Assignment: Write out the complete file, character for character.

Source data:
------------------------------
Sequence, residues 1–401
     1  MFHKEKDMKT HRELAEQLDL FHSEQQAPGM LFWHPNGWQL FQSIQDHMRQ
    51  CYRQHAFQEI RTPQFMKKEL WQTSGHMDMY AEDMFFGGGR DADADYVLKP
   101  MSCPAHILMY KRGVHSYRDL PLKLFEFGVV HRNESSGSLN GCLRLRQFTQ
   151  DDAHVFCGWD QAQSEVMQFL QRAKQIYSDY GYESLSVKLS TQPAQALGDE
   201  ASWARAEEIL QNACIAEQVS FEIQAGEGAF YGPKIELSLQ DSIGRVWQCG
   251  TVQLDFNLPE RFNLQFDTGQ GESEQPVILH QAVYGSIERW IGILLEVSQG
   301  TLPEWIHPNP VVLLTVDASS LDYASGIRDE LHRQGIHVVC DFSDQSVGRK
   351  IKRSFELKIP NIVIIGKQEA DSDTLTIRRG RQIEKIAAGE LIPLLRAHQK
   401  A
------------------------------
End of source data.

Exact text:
Sequence, residues 1–401
     1  MFHKEKDMKT HRELAEQLDL FHSEQQAPGM LFWHPNGWQL FQSIQDHMRQ
    51  CYRQHAFQEI RTPQFMKKEL WQTSGHMDMY AEDMFFGGGR DADADYVLKP
   101  MSCPAHILMY KRGVHSYRDL PLKLFEFGVV HRNESSGSLN GCLRLRQFTQ
   151  DDAHVFCGWD QAQSEVMQFL QRAKQIYSDY GYESLSVKLS TQPAQALGDE
   201  ASWARAEEIL QNACIAEQVS FEIQAGEGAF YGPKIELSLQ DSIGRVWQCG
   251  TVQLDFNLPE RFNLQFDTGQ GESEQPVILH QAVYGSIERW IGILLEVSQG
   301  TLPEWIHPNP VVLLTVDASS LDYASGIRDE LHRQGIHVVC DFSDQSVGRK
   351  IKRSFELKIP NIVIIGKQEA DSDTLTIRRG RQIEKIAAGE LIPLLRAHQK
   401  A